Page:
Can I trust postmaster @ windowslivemail.com?

Hi Folks,

Are emails received from postmaster @ windowslivemail.com fraudulent or not? I searched the Net but couldn't find anything conclusive.

I noticed differences between the postmaster mails but the sender was identical each time. I first did a search on this board ofcourse but couldn't find a single article or whatsoever.

Furthermore, MS Smartscreen filter selects some postmaster mails fraudelent but not all. This is confusing me since the sender is the same imho.

Another issue here is that those postmaster mails always demand you to verify or deny something. And I don't hold track of all modifications for which I am responsible.

I assume that if the postmaster mails originated from MS, they would all be trusted by their Smart Screen filter, right? Surely something triggers it to flag some of those mails and apparently it's not the sender's address?

The only other thing I can come up with is that the sender's address, can be fiddled with, in order to trick the Fools Majority (of which I'm chairman) and gain access to their accounts and stuff?

Thanks in advance, if you need more info please ask.

Dweep

Btw I'm on Windows XP using a live.nl address or is that needless to say?
PeterdeBAsked:
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BillDLConnect With a Mentor Commented:
Agreed.  A "postmaster" email is intended to be informational, not interactive, and you should never be prompted to click on anything to "correct" an issue.

I assume that you googled something like:
postmaster@windowslivemail.com phishing scam fraud spam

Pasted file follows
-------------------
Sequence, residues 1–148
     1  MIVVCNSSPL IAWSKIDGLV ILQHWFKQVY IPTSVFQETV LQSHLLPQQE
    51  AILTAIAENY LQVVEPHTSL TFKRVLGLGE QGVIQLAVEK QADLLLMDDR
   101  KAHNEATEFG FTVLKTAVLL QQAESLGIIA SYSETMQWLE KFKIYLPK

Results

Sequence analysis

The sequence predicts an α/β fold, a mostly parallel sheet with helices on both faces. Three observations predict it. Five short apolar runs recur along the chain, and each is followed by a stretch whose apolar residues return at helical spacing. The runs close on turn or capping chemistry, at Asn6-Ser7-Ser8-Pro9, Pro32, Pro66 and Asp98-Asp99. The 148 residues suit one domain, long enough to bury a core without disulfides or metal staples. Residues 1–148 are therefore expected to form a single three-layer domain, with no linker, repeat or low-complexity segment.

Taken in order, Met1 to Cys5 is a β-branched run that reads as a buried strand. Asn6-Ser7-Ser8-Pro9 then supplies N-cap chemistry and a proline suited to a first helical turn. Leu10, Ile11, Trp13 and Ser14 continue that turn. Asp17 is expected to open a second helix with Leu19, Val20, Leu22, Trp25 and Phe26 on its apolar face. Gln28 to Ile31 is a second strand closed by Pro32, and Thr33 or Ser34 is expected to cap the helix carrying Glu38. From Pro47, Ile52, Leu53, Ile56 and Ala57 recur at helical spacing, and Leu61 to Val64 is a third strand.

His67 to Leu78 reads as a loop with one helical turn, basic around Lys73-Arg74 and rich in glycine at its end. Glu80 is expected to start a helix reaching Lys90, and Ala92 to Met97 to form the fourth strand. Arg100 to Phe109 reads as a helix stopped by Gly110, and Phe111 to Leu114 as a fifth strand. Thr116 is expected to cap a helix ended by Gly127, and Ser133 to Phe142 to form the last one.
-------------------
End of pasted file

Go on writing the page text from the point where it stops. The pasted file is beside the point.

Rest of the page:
and saw a great many questions, and an even greater number of unqualified answers by the "fools majority" ;-)

The actual content of the email will usually give the game away.
What exactly was the nature of the email?

Simply to tell you that an email message had not been delivered for some reason?

If that was the case, then you would expect to see this clearly indicated in the message along with an error code and reason and probably a few suggestions about the possible reason for non-delivery.  Sometimes these "postmaster" messages about delivery failures will have links to FAQ on the ISP's website, but you can usually hang the mouse over the link and see the URL down in the Status bar.  If you can's see the full URL, then Right-Click the link > Copy Shortcut > Paste into Notepad.  The presence of uniquely identifying numbers after a normal .com URL should be treated as suspicious until you know otherwise.  If the "link" is a button, or an image, then don't touch it at all, even with the Right-Click.  You will have no idea what will happen until it does if you click a button.

Was this a message from "Customer Support" prompting you to change your password following a request from you to do so, eg. "I forgot my password"?

If so, then do not use any links in the email to reset your password.  Log into your Live Mail account, locate the options to change the password, and do so yourself.  Consider setting a password duration if the option is provided (I can't remember).  While there, choose an alternative email address to which password reminders should be sent.  If this already has an email address other than your Live Mail email address, then you have proof that the email you received is a phishing scam.  Log back out then back in again with your new password and delete the email.

If the email content was about something else, then let us know and we should be able to give you some advice about how to identify if it is a scam or genuine and how to treat it.
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Neil RussellConnect With a Mentor Technical Development LeadCommented:
They are fake, spam, phishing emails
Delete them
dont answer them
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PeterdeBAuthor Commented:
thx!!!
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BillDLCommented:
Dank je Dweep. Tot ziens voor nu.
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